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2-344 Memorandum for General Gerow, January 17, 1941

1941
   
Publisher: The Johns Hopkins University Press
Date: January 17, 1941



Memorandum for General Gerow1

January 17, 1941 Washington, D.C.

Secret

 

Subject: White House Conference of Thursday, January 16, 1941.

Yesterday afternoon the President held a lengthy conference with the Secretaries of State, War and Navy, the Chief of Naval Operations and the Chief of Staff of the Army. He discussed the possibilities of sudden and simultaneous action on the part of Germany and Japan against the United States. He felt that there was one chance out of five of such an eventuality, and that it might culminate any day.

The President then brought up for opinion and discussion a number of phases of the matter:

What military and naval action we should take in that emergency; he mentioned the “Rainbow” plan and commented on the fact that we must be realistic in the matter and avoid a state of mind involving plans which could be carried out after the lapse of some months; we must be ready to act with what we had available.

He discussed the publicity we might give to our proposed courses of action,—in relation to the Philippines, fleet, the continuation of supplies to Great Britain, etc.

He devoted himself principally to a discussion of our attitude in the Far East towards Japan and to the matter of possible curtailment of American shipments of war supplies to England. He was strongly of the opinion that in the event of hostile action towards us on the part of Germany and Japan we should be able to notify Mr. Churchill immediately that this would not curtail the supply of materiel to England. He discussed this problem on the basis of the probability that England could survive six months and that, therefore, a period of at least two months would elapse before hostile action could be taken against us in the Western Hemisphere. In other words, that there would be a period of eight months in which we could gather strength.

The meeting terminated with this general directive from the President:

That we would stand on the defensive in the Pacific with the fleet based on Hawaii; that the Commander of the Asiatic Fleet would have discretionary authority as to how long he could remain based in the Philippines and as to his direction of withdrawal—to the East or to Singapore; that there would be no naval reinforcement of the Philippines; that the Navy should have under consideration the possibility of bombing attacks against Japanese cities.2

That the Navy should be prepared to convoy shipping in the Atlantic to England, and to maintain a patrol off-shore from Maine south to the Virginia Capes. (I am in doubt as to this southern point.)

That the Army should not be committed to any aggressive action until it was fully prepared to undertake it; that our military course must be very conservative until our strength had developed; that it was assumed we could provide forces sufficiently trained to assist to a moderate degree in backing up friendly Latin-American governments against Nazi inspired fifth column movements.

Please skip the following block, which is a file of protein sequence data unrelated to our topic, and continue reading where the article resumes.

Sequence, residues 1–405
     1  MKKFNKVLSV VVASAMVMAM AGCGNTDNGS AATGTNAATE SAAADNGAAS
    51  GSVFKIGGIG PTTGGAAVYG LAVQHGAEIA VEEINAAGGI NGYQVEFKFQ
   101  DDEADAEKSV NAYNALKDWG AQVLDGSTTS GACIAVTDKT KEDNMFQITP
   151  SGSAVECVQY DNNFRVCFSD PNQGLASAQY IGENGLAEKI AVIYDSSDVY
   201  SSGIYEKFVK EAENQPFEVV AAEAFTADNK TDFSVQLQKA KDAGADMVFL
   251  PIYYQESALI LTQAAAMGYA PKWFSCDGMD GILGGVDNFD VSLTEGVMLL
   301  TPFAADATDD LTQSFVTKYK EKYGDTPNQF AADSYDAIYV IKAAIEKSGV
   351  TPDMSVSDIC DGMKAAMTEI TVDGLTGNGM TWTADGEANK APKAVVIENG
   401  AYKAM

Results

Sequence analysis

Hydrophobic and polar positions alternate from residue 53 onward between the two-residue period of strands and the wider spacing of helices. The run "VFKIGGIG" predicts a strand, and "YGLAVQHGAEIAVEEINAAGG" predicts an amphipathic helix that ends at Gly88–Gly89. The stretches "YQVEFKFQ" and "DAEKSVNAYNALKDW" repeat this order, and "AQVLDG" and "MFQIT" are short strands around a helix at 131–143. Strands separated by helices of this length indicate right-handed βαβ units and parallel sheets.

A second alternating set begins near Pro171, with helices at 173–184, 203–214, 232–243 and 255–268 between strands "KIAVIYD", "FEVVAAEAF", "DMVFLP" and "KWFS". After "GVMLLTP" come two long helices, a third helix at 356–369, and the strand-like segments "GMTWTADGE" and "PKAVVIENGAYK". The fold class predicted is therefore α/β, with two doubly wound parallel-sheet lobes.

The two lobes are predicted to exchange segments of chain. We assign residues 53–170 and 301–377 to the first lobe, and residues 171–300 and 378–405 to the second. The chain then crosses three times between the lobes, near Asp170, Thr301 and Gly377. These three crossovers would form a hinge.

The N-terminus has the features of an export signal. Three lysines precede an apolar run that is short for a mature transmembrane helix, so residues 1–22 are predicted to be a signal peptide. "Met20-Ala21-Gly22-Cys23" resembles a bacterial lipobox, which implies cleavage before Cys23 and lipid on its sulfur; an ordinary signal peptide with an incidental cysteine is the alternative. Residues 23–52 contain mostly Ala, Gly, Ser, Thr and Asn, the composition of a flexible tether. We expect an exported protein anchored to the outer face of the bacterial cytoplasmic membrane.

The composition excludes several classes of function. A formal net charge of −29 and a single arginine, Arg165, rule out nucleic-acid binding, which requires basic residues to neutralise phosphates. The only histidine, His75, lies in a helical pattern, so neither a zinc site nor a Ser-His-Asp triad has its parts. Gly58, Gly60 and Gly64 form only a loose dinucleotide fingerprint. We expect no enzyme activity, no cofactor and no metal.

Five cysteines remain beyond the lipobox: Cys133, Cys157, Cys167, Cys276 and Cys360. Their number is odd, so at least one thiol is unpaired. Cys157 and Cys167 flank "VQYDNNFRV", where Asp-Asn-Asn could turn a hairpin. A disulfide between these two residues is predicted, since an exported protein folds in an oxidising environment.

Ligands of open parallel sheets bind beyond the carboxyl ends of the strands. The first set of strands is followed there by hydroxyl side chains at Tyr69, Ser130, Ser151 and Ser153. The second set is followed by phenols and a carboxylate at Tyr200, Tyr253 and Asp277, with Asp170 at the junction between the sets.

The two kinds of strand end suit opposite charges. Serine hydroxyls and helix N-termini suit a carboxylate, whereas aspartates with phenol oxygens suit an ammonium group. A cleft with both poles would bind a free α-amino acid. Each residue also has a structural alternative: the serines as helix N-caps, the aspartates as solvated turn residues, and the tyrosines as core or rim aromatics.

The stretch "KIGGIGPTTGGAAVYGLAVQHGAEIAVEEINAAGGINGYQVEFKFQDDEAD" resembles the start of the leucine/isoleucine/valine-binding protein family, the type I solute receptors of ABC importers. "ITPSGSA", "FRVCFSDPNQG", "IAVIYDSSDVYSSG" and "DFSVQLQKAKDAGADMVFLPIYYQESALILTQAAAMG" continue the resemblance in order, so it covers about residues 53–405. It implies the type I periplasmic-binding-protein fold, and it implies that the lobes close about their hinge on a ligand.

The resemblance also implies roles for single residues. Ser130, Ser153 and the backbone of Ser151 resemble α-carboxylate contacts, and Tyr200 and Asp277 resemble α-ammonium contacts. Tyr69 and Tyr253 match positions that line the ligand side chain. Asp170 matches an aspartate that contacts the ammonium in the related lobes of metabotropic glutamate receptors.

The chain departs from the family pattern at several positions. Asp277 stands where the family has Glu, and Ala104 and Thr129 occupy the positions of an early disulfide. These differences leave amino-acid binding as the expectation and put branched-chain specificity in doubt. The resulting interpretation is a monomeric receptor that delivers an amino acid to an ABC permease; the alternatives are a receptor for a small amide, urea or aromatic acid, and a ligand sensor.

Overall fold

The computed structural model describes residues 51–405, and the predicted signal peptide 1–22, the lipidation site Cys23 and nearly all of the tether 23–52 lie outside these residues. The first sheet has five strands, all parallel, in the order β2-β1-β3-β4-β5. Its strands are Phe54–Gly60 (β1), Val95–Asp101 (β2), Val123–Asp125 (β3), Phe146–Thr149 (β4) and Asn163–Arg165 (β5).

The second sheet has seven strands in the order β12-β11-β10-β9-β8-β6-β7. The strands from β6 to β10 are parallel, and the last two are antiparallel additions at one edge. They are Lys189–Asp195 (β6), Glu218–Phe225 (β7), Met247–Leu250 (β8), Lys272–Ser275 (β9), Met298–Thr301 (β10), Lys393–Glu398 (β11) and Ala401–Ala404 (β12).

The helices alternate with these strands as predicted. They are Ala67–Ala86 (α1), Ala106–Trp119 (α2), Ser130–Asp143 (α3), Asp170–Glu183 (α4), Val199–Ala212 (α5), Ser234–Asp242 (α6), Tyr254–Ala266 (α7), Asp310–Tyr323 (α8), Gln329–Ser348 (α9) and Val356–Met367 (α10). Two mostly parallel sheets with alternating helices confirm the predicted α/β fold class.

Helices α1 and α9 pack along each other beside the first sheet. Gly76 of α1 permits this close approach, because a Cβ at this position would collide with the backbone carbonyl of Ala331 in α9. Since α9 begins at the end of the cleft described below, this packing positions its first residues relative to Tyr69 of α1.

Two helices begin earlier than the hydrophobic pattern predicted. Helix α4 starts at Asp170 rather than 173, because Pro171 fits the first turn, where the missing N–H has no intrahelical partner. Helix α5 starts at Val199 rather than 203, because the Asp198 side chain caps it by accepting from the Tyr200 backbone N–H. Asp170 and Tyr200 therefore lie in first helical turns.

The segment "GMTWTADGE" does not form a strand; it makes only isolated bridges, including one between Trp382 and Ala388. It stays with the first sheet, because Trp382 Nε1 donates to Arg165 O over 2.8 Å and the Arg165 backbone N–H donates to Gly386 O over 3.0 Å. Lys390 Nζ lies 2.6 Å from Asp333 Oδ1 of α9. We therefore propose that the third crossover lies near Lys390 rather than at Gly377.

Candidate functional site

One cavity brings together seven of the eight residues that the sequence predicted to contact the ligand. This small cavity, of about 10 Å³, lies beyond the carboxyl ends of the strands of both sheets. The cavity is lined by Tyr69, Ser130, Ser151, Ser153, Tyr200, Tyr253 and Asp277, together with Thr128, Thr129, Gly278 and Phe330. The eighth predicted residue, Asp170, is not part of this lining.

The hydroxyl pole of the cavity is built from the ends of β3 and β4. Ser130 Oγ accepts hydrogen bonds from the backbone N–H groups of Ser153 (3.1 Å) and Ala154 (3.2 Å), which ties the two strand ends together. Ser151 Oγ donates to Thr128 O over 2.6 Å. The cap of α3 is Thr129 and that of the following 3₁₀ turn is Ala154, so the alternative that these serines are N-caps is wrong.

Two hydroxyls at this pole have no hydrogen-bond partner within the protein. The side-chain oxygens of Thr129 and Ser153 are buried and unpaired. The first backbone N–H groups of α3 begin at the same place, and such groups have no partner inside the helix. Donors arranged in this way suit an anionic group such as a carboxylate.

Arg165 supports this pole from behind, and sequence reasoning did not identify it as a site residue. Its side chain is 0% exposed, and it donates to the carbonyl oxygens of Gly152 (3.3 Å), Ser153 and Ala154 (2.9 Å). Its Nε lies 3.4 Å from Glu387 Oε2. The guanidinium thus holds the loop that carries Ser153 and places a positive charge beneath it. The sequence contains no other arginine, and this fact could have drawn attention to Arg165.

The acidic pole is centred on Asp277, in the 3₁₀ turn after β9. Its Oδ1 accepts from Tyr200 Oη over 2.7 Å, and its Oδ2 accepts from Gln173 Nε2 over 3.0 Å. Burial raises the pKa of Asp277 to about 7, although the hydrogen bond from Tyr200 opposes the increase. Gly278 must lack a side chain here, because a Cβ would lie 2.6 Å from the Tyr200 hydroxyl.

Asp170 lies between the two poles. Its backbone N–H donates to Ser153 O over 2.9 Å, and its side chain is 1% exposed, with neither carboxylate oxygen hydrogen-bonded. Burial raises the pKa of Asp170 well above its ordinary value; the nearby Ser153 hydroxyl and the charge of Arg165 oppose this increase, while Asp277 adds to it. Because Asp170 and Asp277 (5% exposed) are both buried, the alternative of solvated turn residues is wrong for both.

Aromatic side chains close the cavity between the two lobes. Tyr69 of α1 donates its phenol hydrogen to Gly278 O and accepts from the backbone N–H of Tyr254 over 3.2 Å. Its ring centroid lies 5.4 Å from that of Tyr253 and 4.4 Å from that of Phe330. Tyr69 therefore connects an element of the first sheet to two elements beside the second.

That we should make every effort to go on the basis of continuing the supply of materiel to Great Britain, primarily in order to disappoint what he thought would be Hitler’s principal objective in involving us in a war at this particular time, and also to buck up England.3

This is a rough outline of the general understanding resulting from the discussion.

G. C. M

Document Copy Text Source: Records of the War Department General and Special Staffs (RG 165), Records of the War Plans Division (WPD), 4175-18, National Archives and Records Administration, College Park, Maryland.

Document Format: Typed memorandum signed.

1. Brigadier General Leonard T. Gerow had been acting assistant chief of staff, War Plans Division, since December 16, 1940.

2. Concerning the army’s gradual buildup in the Philippine Islands, see Marshall to Grunert, February 8, 1941, Papers of George Catlett Marshall, #2-365 [2: 414-16].

3. President Roosevelt was summarizing the United States position on these subjects in preparation for the staff meetings called the “American-British Conversations” scheduled to begin in late January. See editorial note #2-363, Papers of George Catlett Marshall [2: 409-10].

Recommended Citation: The Papers of George Catlett Marshall, ed. Larry I. Bland, Sharon Ritenour Stevens, and Clarence E. Wunderlin, Jr. (Lexington, Va.: The George C. Marshall Foundation, 1981- ). Electronic version based on The Papers of George Catlett Marshall, vol. 2, “We Cannot Delay,” July 1, 1939-December 6, 1941 (Baltimore and London: The Johns Hopkins University Press, 1986), pp. 391-392.

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